The present invention allows Equations 1 and 2 to be selectively combined with one of the Bayer, mesh and spiral distributions to generate particular halftone characteristics for different optical densities. The Bayer distriubtion is known to impart a dot-dispersive characteristic and the spiral distribution a dot-concentrative characteristic. The dot-dispersive and dot-concentrative characteristics are suitable for emphasizing image resolution and image gradation, respectively. The mesh distribution is known to impart a characteristic which is intermediate the characteristics of the Bayer and spiral distributions.
FIG. 3 is an illustration of a specific example of the invention in which Equation 1 (dot-concentrative) and the Bayer distribution (dot-dispersive) are combined to produce a dot-dispersive ordered-dither distribution having an improved image resolution characteristic. Threshold values in digital form (6-bit representation) are stored in those particular cells of each of imaginary matrices 73-1 to 73-4. The threshold values stored in each imaginary matrix have a Bayer distribution and those values stored in positionally corresponding elemental areas of the imaginary matrices have a distribution according to Equation 1 which is dot-concentrative.
FIG. 4 is an illustration of a second example in which Equation 1 is combined with a mesh distribution. Digital threshold values stored in each of imaginary matrices 74-1 to 74-4 have a mesh distribution and those values stored in positionally corresponding elmental areas have a dot-concentrative distribution according to Equation 1. The combination of Equation 1 and the mesh distribution results in a dot-concentrative characteristic which emphasizes image gradation.
FIG. 5 is an illustration of a third example in which Equation 2 (dot-dispersive) is combined in a manner identical to FIGS. 3 and 4 with a mesh distribution to provide a dot-dispersive characteristic which emphasizes image resolution. Threshold values stored in each of imaginary matrices 75-1 to 75-4 have a mesh distribution and those values stored in positionally corresponding elemental areas have a distribution according to Equation 2, which is dot-dispersive.
FIG 6 is an illustration of a fourth example in which Equation 2, which is dot-dispersive, is likewise combined with a spiral distribution (dot-concentrative) to provide a dot-concentrative characteristic which emphasizes image gradation. Threshold values stored in each of imaginary matrices 76-1 to 76-4 have a spiral distribution and those values stored in positionally corresponding elemental areas have a distribution according to Equation 2.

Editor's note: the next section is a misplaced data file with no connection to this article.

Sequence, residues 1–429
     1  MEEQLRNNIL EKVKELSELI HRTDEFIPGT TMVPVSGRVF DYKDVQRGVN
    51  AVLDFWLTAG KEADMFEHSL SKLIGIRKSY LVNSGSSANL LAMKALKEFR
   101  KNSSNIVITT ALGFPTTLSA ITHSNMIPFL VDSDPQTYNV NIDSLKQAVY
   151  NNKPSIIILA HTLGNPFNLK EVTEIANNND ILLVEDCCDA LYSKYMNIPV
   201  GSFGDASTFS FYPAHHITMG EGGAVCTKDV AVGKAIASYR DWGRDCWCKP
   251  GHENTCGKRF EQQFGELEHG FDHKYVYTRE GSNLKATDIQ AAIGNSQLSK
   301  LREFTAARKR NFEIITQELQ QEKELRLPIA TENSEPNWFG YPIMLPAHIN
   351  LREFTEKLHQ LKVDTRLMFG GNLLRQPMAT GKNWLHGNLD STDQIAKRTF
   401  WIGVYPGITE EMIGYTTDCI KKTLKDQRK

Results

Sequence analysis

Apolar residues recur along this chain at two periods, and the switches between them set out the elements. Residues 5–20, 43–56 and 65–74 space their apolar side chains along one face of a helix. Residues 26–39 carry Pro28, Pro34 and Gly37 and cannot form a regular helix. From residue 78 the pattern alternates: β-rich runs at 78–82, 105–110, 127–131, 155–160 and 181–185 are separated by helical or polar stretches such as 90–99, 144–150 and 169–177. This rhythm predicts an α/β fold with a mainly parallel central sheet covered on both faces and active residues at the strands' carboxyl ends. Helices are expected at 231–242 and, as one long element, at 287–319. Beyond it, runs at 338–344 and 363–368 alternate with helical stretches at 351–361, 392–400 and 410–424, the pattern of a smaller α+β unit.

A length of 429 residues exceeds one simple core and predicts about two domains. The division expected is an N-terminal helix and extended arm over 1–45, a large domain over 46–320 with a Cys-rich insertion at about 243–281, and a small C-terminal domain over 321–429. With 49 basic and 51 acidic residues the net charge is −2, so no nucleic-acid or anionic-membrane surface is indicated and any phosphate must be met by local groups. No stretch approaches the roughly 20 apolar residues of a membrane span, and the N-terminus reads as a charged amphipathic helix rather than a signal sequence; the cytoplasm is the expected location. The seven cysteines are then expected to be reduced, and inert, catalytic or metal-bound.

It is seen therefore that the matrix array of memory 7 can be defined as a set of k (=α×β) imaginary matrices each having N×M elemental areas of α×β cells each (where, N, M, α and β are integers, at least one of N and M being greater than unity, and at least one of α and β being greater than unity).
According to a practical aspect of the invention, a set of different ordered-dither imaginary matrices is prepared according to the contents of the original. In FIG. 7 in which the optical density of the original is plotted as a function of threshold values ranging from zero to 63, it is shown that image resolution is emphasized in highlight and shadow areas of the original and image gradation is emphasized on delicately varying shading areas having an optical density between low and high halftone values.
As illustrated in FIG. 8, imaginary matrices 78-1 and 78-4 (k=1, k=4) have a combination of a Bayer distribution on each of their planes and a distribution according to Equation 2 between positionally corresponding elemental areas of matrices 78-1 and 78-4 to give emphasized resolution to highlight and shadow portions of the original, respectively. Imaginary matrices 78-2 and 78-3 are formed by a combination of a mesh distribution on each of these imaginary matrices and a distribution according to Equation 1 between positionally corresponding elemental areas of matrices 78-2 and 78-3. Matrices 78-2 and 78-3 emphasize gradation on areas having low and high halftone values. Imaginary matrices 78-1 to 78-4 are combined to form an ordered-dither distribution matrix 78-5.
On the other hand if gradation is to be emphasized for highlight and shadow areas while resolution is to be emphasized on delicately varying halftone areas, it is appropriate to form a set of imaginary matrices as shown in FIG. 9. Imaginary matrices 79-1 and 79-4 are formed by a combination of a spiral distribution on each of these matrices and a distribution according to Equation 2 between positionally corresponding elemental areas of these matrices to impart a dot-concentrative characteristic to the highlight and shadow areas, respectively. Imaginary matrices 79-2 and 79-3 are formed by a combination of a Bayer distribution on each of these matrices and a distribution according to Equation 2 between positionally corresponding elemental areas of these matrices to impart a dot-dispersive characteristic to the halftone areas. Imaginary matrices 79-1 to 79-4 are combined together to produce a matrix 79-5.
A plurality of sets of different ordered-dither distributions are prepared for table memories and a desired one is selected for a particular purpose.
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|Cooperative Classification||H04N1/4055, H04N1/4051|
|European Classification||H04N1/405B, H04N1/405C|
|Feb 4, 1986||AS||Assignment|
Owner name: MATSUSHITA ELECTRIC INDUSTRIAL CO., LTD., 1006, OA
Free format text: ASSIGNMENT OF ASSIGNORS INTEREST.;ASSIGNORS:KOTERA, HIROAKI;NAKA, MOTOHIKO;REEL/FRAME:004513/0878
Effective date: 19851120
|Sep 30, 1991||FPAY||Fee payment|
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|Sep 26, 1995||FPAY||Fee payment|
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|Sep 27, 1999||FPAY||Fee payment|